The majority of surveyed retail associates, 55%, believe that this holiday season’s shoppers were better connected to consumer information than in-store associates. That’s largely because of the increasing availability of online shopping tools and mobile phone applications that allow price comparisons, access to coupons and social-networking.
According to the survey of 545 in-store associates by Motorola Solutions, retailers aren’t investing in technology to stay ahead of increasingly tech-savvy shoppers are hurting their own bottom line. But the results suggest arming retail store employees with mobile devices would help them offer the same levels of customer service that the customer is providing itself on its own smartphones.
Nearly three in 10 (28%) store visits ended with an average of $132 unspent due to abandoned purchases driven by deal-habituated behavior, out-of-stocks, limited store associate assistance and long check-out processes, according to 1,056 consumers who were polled for a second part of the survey.
But the survey indicates that when surveyed shoppers received guidance from a retail associate armed with a handheld mobile computer, 43% reported the device improved their shopping experience.
The survey, released Jan. 10 the National Retail Federation’s Annual Convention, also says that 87% of retailers believe that shoppers can easily find a better deal on their own smartphones. So customer service – aided by access to real-time information – is more important than ever.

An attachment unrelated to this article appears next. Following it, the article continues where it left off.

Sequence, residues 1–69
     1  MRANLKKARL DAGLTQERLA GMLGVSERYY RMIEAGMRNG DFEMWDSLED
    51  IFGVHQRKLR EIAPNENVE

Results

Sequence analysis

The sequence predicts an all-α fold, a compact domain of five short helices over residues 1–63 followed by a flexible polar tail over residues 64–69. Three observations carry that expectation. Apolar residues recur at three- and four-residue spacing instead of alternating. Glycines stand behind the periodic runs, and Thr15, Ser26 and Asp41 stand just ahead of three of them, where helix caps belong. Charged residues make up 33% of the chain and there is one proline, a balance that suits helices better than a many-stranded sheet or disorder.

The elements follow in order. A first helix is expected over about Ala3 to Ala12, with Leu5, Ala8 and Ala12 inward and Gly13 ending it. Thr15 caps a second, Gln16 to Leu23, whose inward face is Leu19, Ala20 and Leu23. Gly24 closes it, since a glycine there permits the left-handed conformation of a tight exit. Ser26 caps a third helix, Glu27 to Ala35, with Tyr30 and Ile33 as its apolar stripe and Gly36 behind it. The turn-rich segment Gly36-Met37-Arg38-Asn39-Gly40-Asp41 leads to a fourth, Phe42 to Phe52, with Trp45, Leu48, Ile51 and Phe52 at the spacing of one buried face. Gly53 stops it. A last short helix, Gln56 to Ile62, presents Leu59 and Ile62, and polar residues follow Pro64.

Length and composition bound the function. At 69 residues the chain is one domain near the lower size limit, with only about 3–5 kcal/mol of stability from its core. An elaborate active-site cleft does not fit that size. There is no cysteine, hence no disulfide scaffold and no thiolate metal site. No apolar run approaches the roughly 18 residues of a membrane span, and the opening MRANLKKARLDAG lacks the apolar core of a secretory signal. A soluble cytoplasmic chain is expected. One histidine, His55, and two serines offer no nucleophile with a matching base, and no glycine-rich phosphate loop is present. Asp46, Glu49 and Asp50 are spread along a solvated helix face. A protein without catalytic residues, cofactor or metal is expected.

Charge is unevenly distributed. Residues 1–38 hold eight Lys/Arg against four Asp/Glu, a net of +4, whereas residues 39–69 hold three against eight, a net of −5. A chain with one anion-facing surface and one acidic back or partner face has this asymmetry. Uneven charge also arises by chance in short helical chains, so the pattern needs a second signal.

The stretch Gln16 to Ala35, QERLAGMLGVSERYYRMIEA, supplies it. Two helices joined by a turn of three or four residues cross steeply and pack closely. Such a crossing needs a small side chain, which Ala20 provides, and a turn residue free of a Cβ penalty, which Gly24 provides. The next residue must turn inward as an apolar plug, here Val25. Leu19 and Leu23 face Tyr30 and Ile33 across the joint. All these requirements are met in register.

The study also verified that in-store mobile shopping in on the rise. The results showed that 12% of shoppers with smartphones checked prices at other retailers online, while 8% checked availability at other stores.
Also, 85% of surveyed retail associates agreed that improving in-store communication between staff and managers would have a significant effect on customer satisfaction.
What’s more, 68% of surveyed retail associates said they would find the capability to scan barcodes to check inventory and availability of items requested by customers helpful in a small mobile device form factor that is deployed to every associate.
Two surveys were fielded by the research firm Research Now, one targeted to shoppers and one targeted to in-store associates or staff. Each survey was designed to reveal the experiences and attitudes that each group has toward the use of certain in-store technologies to enhance customer satisfaction.